×
Book Appointment Online with select physicians.
Request Appointment Online to schedule with one of our coordinators.
1.888.IUHEALTH for
Same-Day Primary Care Appointments.
If you are experiencing a medical emergency, please call 9-1-1.

He Gives Parents An Incredible Gift: Taking Children Home On Life Support

Blog He Gives Parents An Incredible Gift: Taking Children Home On Life Support

Respiratory therapist David Westenkirchner’s job is one of the most crucial and amazing inside Riley. He trains families on how to take their children home on ventilators.


David Westenkirchner is used to the questions. He’s gotten them his entire life.

Whoa…how tall are you? 6-9

Did you play basketball? No. (He’s a competitive power lifter)

Can you make it through the doorways? Yes.

Are you the tallest person in the hospital? No. (There’s a 6-10 painter)

Inside Riley Hospital for Children at IU Health, Westenkirchner is known as the “tall RT” guy. That’s short for tall respiratory therapist.

And the questions? Well, he’s happy to answer all those about his height.

But, more importantly, he’s ready to answer some of the most crucial questions inside the hospital: How to take a child home on life support.

Westenkirchner, who came to Riley nearly 10 years ago as an RT, soon discovered what he liked most was ventilator management and the high acuity patient population.

He found a passion for training and teaching families how to take their children home with ventilators. That’s now his focus full time as a respiratory therapy clinical specialist.

Westenkirchner’s presence is huge, but he is a calm, funny, caring spirit.

“If we didn’t have David, these kids would not get home,” says Kathy Shields, a nurse in the pediatric ICU, who also works in the home ventilator unit. “He does such a great job teaching them and making sure they are understanding their vents. And the families just love him.”

Riley’s In His Blood

Westenkirchner was born in Memphis in 1984, but was raised in Zionsville. His family moved to Indiana when he was a young boy for his father’s job.

That job? His dad was a physician at Riley and worked for 25 years as a pulmonologist in the PICU. His mom was a nurse.

Medical care was in his blood. But Westenkirchner, one of three boys, didn’t immediately go for the field. At Indiana University in Bloomington, he was unsure of a major.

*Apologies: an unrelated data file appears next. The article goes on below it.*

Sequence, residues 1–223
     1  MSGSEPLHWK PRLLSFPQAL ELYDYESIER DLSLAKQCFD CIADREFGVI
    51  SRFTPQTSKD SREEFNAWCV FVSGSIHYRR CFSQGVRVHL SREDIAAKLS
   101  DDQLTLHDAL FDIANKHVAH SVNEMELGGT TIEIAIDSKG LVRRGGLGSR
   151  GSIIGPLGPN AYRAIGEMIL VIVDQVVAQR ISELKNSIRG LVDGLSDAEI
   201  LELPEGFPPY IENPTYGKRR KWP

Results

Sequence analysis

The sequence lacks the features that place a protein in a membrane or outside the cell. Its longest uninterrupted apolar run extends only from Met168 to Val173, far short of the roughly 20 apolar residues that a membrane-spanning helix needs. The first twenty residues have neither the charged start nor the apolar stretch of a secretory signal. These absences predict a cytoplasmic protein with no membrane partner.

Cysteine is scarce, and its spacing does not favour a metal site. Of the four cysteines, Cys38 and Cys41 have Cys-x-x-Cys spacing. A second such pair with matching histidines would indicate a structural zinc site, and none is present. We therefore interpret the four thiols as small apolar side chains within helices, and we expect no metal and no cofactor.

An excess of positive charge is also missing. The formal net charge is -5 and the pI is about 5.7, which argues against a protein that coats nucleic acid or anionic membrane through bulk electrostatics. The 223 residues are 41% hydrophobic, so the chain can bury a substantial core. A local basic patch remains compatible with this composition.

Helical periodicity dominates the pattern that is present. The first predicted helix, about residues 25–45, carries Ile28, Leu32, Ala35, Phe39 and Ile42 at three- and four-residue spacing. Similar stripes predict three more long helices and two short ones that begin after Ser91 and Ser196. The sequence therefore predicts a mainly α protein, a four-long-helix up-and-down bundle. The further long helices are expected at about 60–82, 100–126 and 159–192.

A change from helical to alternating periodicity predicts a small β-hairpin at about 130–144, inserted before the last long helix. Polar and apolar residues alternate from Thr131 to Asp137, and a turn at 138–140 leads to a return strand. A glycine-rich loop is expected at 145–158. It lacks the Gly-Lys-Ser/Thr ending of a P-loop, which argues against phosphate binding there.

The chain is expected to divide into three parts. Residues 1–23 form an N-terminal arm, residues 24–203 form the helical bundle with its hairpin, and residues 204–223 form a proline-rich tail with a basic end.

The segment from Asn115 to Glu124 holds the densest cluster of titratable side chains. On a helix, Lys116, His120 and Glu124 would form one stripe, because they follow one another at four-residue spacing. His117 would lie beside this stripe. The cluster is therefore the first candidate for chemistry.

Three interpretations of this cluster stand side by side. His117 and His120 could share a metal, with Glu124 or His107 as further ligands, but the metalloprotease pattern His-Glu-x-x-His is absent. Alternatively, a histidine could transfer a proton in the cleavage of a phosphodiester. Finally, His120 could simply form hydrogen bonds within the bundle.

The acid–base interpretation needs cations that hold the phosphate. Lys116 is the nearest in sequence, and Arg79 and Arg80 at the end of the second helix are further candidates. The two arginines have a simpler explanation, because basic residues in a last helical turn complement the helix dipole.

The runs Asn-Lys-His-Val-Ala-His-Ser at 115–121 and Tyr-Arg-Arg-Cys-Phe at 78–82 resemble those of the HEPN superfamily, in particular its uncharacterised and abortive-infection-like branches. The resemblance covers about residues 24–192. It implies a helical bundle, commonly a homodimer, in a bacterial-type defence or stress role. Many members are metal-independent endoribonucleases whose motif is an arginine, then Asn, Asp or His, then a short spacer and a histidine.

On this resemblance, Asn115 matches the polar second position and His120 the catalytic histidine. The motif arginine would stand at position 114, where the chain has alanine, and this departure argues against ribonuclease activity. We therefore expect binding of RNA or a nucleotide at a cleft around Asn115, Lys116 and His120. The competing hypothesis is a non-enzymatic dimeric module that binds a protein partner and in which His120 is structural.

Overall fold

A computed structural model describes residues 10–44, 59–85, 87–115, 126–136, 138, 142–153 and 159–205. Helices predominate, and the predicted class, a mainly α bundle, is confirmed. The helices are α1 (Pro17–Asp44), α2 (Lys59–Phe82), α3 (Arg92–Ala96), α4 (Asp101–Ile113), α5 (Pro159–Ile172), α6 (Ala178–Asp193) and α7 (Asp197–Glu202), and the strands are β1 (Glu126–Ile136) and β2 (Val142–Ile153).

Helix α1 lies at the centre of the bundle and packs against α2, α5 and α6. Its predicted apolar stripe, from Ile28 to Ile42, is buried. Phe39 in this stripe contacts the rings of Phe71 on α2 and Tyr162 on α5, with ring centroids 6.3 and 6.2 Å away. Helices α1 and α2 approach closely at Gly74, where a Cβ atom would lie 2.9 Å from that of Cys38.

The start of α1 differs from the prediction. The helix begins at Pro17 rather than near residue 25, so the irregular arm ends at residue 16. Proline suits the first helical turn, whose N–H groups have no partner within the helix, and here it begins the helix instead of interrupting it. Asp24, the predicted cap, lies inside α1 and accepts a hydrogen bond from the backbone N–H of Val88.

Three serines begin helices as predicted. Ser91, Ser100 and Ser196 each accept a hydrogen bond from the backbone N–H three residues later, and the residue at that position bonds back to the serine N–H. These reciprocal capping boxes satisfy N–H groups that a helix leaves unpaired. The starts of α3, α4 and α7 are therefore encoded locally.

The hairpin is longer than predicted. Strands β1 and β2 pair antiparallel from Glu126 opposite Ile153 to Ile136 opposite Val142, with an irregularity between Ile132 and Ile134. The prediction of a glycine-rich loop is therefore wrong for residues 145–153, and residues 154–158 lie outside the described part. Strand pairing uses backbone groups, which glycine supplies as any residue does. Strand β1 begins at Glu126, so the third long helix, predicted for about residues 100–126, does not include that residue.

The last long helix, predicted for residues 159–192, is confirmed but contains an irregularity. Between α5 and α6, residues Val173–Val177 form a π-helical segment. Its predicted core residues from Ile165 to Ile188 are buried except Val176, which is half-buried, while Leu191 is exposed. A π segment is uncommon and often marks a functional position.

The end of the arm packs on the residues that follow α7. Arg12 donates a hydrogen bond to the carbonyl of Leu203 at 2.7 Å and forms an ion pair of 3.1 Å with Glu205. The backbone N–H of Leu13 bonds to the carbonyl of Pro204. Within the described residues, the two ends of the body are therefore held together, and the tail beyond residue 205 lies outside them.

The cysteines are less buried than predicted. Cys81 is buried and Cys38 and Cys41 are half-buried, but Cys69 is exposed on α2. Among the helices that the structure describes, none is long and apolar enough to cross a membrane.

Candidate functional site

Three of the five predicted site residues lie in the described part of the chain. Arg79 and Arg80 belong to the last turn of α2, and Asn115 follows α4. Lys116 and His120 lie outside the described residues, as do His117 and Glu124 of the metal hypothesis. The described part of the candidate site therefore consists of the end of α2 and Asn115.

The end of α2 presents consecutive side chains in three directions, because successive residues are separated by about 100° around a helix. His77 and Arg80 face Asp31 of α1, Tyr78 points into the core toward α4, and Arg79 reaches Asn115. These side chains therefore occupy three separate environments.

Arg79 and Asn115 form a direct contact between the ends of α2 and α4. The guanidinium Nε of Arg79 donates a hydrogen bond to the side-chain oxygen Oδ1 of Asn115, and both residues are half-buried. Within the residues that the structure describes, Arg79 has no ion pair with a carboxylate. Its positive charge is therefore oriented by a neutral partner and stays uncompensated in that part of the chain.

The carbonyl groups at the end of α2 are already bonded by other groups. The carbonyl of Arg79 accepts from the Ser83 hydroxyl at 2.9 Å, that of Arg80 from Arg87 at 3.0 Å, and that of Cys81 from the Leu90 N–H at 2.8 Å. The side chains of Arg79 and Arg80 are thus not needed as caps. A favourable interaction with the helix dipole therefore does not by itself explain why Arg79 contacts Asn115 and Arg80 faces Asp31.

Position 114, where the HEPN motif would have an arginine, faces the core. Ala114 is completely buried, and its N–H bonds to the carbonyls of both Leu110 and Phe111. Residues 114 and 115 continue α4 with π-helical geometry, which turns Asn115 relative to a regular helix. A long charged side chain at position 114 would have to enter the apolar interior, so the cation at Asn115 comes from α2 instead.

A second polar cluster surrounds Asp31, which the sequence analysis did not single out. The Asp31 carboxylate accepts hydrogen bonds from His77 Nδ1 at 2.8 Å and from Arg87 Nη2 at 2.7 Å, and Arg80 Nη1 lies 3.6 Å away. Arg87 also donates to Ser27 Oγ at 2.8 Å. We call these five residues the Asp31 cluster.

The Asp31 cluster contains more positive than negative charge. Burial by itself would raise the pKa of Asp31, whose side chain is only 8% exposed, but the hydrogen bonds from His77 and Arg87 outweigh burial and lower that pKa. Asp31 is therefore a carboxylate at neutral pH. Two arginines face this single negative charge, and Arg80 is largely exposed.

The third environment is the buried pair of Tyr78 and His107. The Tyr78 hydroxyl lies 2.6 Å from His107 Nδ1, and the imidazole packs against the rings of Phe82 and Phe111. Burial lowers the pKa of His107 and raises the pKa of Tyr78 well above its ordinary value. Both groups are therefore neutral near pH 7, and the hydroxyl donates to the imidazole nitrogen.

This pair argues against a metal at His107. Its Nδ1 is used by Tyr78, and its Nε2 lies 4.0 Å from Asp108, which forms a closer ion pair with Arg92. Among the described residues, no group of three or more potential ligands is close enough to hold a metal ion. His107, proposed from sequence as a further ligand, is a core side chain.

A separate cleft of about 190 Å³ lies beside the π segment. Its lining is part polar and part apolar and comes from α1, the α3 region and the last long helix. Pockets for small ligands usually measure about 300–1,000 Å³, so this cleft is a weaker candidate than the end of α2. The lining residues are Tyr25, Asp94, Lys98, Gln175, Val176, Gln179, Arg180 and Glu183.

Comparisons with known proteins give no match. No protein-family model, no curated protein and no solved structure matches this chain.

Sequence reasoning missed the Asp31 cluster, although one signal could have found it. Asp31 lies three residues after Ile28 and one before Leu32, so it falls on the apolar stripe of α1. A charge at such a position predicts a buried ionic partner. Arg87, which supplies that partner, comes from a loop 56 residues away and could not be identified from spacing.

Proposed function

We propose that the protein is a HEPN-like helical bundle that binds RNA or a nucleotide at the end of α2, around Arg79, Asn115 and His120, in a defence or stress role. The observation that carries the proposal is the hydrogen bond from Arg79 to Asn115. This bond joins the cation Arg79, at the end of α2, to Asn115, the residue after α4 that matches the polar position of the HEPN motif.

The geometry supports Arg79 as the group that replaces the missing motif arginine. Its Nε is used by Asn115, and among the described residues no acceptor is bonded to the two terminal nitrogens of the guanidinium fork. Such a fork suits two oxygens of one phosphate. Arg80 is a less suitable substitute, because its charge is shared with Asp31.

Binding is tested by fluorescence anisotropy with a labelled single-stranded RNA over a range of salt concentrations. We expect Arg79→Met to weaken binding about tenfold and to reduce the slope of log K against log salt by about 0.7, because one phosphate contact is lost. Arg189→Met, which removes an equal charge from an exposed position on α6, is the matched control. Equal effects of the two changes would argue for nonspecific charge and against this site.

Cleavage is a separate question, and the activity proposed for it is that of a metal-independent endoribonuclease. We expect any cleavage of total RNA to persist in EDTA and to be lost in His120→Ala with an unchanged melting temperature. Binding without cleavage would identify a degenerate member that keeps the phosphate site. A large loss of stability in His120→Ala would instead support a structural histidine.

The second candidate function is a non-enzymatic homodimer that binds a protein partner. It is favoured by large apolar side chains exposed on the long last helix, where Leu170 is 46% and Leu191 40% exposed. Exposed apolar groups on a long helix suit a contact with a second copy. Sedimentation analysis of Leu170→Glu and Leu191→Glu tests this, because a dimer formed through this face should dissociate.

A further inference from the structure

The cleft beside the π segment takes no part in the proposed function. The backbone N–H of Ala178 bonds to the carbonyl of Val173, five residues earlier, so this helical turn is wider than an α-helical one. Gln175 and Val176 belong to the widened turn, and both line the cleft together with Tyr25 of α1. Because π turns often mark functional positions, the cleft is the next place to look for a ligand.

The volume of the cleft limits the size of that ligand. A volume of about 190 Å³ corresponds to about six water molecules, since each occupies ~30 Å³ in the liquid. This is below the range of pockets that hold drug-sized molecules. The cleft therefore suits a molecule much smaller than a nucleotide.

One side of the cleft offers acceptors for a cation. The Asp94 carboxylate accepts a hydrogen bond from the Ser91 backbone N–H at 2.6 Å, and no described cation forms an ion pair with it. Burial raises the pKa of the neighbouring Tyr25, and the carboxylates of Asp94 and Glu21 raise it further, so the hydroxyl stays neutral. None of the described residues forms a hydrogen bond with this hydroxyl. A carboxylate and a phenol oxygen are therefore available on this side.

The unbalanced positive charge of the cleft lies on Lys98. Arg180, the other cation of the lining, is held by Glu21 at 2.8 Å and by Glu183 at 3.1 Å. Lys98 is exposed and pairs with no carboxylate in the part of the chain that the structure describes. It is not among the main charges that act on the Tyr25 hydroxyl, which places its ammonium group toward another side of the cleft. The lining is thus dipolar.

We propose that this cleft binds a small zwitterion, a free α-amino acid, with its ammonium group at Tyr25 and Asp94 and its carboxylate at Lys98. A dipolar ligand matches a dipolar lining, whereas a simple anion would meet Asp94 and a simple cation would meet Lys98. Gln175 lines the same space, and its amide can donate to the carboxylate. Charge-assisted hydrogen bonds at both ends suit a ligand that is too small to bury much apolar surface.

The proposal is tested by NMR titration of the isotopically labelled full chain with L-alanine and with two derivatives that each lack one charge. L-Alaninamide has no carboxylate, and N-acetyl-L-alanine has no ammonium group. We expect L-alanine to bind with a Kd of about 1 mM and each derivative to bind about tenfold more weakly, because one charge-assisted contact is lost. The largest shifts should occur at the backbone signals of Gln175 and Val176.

His junior year, his dad suggested something in the allied health field, maybe a radiologist or a respiratory therapist.

Westenkirchner thought RT sounded interesting and, after shadowing at Riley, he was hooked.

“I knew this was what I wanted to do,” he says. “No question.”

He applied to get his IU degree in Indianapolis at IUPUI and, before graduating, did an internship at Riley. When he graduated in 2009, he came full time to the hospital, working nights in the PICU.

Four years ago, Westenkirchner moved to his current job – giving families the incredible gift of taking their children home.

It often isn’t easy. When Westenkirchner first meets parents, they are scared, nervous and a bit overwhelmed.

“They see the vent as this intimidating piece of equipment, a box with lights, numbers, sounds, and all these tubes and wires,” he says. “I tell them, ‘Look, it’s my job to make you guys as comfortable with this equipment as I am.’”

Westenkirchner goes at the pace they need. He explains things as many times as they want. And he answers questions.

On average, 30 to 35 children go home each year from Riley with a ventilator. Westenkirchner has helped send more than 100 children home.

He loves being such a big part of helping families get to leave the hospital. He loves giving them the freedom – finally – to go home or to the museum or the pool or the zoo with their children.

“It’s hard not to be emotionally attached to these families,” he says.

But the best part of his job, Westenkirchner says, is when his teaching is no longer needed.

“My favorite part of all of this is when I get to make that phone call to them -- after they’ve had the sleep study and it confirms they no longer need a ventilator,” he says. “Those are usually teary-eyed, emotional phone calls.”

-- By Dana Benbow, Senior Journalist at IU Health.

   Reach Benbow via email dbenbow@iuhealth.org or on Twitter @danabenbow.

Viewing all posts in …